3. Stronger Motivation

Hand-in-hand with the idea of social loafing, members on a small team often become more motivated than those on larger ones. Of course, this might occur for a variety of reasons, some positive others negative. One member may simply want to avoid reprimand for having failed to achieve their tasks adequately. And since that’s far more visible in smaller teams, they might work harder. However, another person might be motivated by the sense of success they feel when checking a large project off their list. Ultimately, the list could run on forever with different motivations.

Generally speaking, managers have more of an opportunity to come alongside team members when only a handful of people work under them. So, they enjoy a wider range of opportunity to help meet the individuals needs of their workers. And naturally, when an employee feels respected and valued, their sense of motivation increases. Alternatively, if they feel management views them as a cog in a machine, motivation quickly wanes.

4. Deeper Trust

Many of the benefits of a small team flow naturally from fewer people interacting. And of course, you could raise objections to each point, citing examples where the opposite appeared true. But more often than not, smaller teams instill deeper trust between members. And when each member knows the others well and has confidence in them, the work environment improves.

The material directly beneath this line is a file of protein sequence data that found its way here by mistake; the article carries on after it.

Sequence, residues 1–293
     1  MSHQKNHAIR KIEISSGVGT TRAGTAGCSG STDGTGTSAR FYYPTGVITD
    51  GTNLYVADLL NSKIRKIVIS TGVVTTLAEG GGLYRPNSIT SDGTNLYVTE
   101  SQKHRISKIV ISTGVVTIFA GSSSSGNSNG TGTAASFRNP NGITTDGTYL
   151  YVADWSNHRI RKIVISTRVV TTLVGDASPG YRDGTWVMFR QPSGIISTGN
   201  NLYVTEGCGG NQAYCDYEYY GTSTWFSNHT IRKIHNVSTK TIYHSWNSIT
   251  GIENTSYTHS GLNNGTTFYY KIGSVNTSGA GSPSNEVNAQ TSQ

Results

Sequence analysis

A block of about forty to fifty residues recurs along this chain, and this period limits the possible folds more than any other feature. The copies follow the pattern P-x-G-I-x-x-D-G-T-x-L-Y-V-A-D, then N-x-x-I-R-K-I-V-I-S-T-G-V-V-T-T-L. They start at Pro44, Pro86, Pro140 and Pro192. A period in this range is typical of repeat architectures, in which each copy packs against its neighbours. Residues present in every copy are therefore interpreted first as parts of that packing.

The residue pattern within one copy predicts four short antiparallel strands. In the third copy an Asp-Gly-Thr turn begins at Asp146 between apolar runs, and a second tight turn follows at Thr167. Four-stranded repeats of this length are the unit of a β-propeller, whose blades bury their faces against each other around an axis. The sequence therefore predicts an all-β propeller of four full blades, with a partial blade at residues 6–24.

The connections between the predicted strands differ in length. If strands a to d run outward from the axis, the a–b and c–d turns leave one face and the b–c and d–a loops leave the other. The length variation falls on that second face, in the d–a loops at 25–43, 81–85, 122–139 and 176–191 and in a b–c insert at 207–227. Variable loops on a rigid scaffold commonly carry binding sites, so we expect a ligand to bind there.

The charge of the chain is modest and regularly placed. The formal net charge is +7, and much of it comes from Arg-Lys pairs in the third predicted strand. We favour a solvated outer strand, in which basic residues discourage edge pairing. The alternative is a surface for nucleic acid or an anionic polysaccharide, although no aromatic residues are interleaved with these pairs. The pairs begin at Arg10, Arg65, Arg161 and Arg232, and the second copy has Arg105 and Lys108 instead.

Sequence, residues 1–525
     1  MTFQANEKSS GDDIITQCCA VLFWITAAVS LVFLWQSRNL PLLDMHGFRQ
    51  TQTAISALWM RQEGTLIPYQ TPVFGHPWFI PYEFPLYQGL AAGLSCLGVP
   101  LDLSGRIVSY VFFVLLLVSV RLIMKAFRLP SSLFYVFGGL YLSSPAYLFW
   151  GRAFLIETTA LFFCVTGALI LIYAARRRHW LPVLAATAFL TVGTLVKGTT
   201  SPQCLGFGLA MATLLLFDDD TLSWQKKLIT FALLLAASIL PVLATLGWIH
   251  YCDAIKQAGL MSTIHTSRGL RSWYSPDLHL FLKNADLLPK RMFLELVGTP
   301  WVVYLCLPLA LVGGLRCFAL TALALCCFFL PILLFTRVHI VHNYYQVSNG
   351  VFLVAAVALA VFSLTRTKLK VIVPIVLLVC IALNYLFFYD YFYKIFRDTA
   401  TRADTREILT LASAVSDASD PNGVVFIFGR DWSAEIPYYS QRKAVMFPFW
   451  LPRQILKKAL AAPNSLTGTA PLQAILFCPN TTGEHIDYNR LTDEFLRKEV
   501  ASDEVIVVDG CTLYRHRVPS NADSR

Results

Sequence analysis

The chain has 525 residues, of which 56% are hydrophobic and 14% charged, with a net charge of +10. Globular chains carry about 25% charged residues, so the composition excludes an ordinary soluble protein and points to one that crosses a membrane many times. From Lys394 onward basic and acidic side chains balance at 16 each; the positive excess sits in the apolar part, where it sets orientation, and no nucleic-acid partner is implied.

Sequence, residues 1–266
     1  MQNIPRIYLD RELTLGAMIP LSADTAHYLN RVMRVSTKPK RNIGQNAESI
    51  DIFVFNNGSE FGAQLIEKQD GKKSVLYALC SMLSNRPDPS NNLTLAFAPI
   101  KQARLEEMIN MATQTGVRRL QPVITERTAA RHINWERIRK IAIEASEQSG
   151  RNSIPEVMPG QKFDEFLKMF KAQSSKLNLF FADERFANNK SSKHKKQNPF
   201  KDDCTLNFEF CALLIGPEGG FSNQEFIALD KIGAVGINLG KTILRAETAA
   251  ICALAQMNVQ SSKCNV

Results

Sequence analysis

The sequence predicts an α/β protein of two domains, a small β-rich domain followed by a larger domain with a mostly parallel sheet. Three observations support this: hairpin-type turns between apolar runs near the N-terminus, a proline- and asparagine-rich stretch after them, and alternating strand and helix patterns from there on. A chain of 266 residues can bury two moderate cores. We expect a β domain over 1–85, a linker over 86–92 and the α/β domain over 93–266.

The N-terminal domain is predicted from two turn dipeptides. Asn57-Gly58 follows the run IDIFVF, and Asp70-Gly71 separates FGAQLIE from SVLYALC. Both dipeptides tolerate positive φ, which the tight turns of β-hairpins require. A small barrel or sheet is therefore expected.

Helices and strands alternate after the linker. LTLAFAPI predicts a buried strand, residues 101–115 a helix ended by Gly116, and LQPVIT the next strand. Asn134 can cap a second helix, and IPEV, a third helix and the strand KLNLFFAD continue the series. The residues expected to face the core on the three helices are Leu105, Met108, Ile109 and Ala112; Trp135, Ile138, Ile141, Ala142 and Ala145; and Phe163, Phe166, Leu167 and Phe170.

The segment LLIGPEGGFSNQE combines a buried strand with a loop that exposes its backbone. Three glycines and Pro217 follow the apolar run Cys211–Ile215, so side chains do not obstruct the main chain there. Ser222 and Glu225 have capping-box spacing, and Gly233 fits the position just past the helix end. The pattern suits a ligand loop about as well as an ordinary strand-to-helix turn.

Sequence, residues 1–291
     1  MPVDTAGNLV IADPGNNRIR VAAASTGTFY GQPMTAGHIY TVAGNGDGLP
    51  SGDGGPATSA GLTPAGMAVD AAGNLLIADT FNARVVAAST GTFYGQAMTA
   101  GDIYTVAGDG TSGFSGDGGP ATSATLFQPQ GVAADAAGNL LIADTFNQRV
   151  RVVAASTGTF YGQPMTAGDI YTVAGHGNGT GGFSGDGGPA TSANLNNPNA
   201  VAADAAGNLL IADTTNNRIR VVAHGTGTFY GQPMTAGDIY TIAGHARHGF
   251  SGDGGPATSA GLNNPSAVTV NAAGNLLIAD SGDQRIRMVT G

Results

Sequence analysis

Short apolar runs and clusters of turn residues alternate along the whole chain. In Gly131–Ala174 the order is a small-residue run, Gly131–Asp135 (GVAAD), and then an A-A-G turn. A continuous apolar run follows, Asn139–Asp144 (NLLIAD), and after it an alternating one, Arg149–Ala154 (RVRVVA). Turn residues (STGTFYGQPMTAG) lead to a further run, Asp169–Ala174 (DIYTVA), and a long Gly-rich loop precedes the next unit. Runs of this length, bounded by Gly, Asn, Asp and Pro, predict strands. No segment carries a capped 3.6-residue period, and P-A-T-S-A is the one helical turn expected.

Even on larger teams, team members might trust one another. But it likely happens on a smaller scale, where cliques form of individuals who hold together. Instead, a small team affords the chance for every member to better trust the others. Since deeper trust leads to a more “well-oiled” machine, these teams are able to work more effectively together to meet organizational goals. But more than that, deeper trust provides a sense of comfort in the workplace which relieves anxiety. So, individuals feel more comfortable with their working situation overall.

5. Sense of Ownership

Working on a small team means that every individual has an important role to play in completing projects. And the result is that each member gains a natural sense of ownership over their work. Again, in larger teams, social loafing happens often and prevents workers from seeing their responsibilities as vital. But in a small team, if one person fails to do their job to the best of their ability, the entire project suffers.

So, small teams have the advantage of creating a sense of ownership. Here, each member feels not only responsible for their tasks but also authoritative over them. And this largely feeds into more productive, higher-quality work. Resultingly, small teams might complete projects faster, better and more smoothly than large groups.